Denial of Samoans' rights no way to treat friends
20 May 2004
Denial of Samoans' rights no way to treat special friends
The Green Party is not happy with the Government Administration Committee's refusal to reinstate the right of many Samoans' to New Zealand citizenship.
Green MP Keith Locke sat on the Government Administration Committee that considered a 100,000-signature petition calling for the repeal of the Citizenship (Western Samoa) Act 1982.
"There is no reason why the committee could not have rectified the huge injustice suffered by thousands of Samoans when their citizenship was cancelled by the Muldoon government in 1982," said Mr Locke, the Green Party's Foreign Affairs Spokesperson.
"The majority of the committee argues that it can't impose New Zealand citizenship obligations on those Samoans affected, but there was another course available.
"In my Minority View in the report, I have proposed that we offer New Zealand citizenship to the estimated 52,000 Samoans detrimentally affected by the 1982 legislation. They would have the individual choice of accepting or rejecting that citizenship. To take this course would be to implement the spirit of the petition, so widely backed by the Samoan people.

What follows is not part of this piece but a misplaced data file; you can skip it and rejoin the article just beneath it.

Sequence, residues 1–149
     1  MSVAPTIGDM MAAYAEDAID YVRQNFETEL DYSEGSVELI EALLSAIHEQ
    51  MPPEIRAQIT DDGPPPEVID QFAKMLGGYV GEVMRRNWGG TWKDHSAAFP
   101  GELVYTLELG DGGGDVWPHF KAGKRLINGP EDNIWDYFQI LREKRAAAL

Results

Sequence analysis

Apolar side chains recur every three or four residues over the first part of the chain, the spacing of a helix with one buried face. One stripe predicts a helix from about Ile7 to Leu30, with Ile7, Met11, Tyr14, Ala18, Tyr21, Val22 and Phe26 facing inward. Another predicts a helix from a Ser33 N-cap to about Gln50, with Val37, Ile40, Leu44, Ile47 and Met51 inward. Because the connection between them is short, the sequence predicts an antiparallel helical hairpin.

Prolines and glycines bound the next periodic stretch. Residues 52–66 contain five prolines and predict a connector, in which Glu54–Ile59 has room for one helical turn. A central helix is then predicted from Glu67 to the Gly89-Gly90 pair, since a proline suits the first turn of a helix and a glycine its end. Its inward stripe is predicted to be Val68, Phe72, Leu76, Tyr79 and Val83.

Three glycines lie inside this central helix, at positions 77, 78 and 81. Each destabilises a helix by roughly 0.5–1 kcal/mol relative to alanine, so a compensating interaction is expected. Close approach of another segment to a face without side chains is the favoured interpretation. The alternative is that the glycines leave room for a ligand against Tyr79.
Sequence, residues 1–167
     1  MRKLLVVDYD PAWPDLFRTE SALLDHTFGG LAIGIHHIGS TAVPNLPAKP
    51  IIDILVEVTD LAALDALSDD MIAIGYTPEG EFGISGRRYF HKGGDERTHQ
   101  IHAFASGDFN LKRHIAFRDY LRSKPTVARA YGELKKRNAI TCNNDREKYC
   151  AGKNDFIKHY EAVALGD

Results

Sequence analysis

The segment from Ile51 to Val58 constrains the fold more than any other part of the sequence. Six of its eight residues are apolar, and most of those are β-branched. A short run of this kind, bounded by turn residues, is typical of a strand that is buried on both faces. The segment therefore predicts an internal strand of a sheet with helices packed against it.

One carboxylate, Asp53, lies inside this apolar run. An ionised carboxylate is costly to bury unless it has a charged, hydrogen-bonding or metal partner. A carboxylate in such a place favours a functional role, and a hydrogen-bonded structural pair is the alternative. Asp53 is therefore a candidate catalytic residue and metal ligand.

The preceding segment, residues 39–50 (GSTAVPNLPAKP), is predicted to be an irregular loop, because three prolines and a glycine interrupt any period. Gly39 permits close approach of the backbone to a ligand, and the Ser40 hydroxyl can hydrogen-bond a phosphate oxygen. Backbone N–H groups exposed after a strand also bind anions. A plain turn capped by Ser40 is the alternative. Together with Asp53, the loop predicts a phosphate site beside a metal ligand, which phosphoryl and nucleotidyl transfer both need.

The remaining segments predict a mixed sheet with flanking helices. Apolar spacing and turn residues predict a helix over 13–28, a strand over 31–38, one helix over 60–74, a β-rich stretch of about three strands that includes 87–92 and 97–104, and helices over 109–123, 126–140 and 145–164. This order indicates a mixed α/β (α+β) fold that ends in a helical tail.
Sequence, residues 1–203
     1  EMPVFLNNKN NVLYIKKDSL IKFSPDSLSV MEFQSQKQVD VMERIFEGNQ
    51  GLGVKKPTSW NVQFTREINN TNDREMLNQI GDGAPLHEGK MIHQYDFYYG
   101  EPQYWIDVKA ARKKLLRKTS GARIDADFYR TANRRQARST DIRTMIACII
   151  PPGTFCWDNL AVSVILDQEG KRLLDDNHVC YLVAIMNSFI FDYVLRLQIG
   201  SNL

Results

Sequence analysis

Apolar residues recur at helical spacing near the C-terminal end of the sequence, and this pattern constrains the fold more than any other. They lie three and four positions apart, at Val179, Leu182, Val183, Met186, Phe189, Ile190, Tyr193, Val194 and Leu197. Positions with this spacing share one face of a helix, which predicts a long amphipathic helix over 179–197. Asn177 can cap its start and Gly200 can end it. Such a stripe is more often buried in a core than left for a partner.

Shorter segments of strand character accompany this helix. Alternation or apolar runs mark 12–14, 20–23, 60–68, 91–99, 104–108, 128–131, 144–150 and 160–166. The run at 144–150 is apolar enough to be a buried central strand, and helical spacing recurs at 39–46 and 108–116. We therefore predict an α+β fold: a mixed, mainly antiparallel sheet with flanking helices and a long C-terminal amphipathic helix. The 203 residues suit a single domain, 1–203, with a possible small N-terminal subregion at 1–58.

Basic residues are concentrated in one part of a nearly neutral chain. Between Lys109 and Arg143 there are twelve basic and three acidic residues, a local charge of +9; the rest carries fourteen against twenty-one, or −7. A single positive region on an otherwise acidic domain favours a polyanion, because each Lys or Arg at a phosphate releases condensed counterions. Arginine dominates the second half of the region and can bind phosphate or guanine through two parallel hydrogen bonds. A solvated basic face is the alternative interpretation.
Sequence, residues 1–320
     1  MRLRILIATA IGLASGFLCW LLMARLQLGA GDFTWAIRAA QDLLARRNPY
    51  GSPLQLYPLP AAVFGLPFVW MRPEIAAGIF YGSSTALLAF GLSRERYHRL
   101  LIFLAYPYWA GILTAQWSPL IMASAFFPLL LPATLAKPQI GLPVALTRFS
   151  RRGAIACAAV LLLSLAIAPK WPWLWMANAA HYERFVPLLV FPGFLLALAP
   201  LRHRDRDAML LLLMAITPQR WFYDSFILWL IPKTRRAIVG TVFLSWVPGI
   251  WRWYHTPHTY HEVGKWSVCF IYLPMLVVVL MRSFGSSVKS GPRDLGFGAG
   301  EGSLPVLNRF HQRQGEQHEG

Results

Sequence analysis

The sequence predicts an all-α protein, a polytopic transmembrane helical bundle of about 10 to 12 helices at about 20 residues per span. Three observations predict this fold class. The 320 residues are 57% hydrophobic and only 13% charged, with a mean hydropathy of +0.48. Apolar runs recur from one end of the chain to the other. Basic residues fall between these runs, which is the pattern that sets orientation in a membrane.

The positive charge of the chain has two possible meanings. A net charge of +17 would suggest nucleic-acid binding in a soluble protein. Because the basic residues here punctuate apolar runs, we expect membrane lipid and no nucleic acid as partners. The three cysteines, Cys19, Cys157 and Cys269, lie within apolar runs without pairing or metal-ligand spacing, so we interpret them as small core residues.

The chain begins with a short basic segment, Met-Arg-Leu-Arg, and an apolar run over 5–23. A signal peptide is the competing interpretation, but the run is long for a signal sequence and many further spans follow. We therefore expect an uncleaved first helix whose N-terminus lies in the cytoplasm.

"The Green Party supports the committee's desire to 'revisit, review and renew' the 1962 Treaty of Friendship between New Zealand and Samoa. There is supposed to be a special relationship between the two countries, yet in many respects Samoans are disadvantaged compared with people of other nationalities.
"As the report points out, at least 46 countries have visa free entry into New Zealand, but Samoans are denied this right. This has created great difficulties for Samoans visiting New Zealand for family occasions or to work or study here. Gaining permanent residence has also been difficult, despite a Samoan quota, because of the points system and a requirement to pre-arrange a job paying quite a high hourly rate.
"The Green Party's Minority View in the report proposes that the problems of access to entry visas and permanent residence be overcome by putting Samoans on the same footing as Australians in New Zealand. Samoans would then have the right to freely enter New Zealand and live and work here with the same entitlements as Australians do.
"If that is not acceptable to the New Zealand Government, then Samoans could be given rights similar to those New Zealanders currently enjoy in Australia - that is, Samoans could enter, live and work freely in New Zealand, with social welfare benefits restricted for an initial period," said Mr Locke.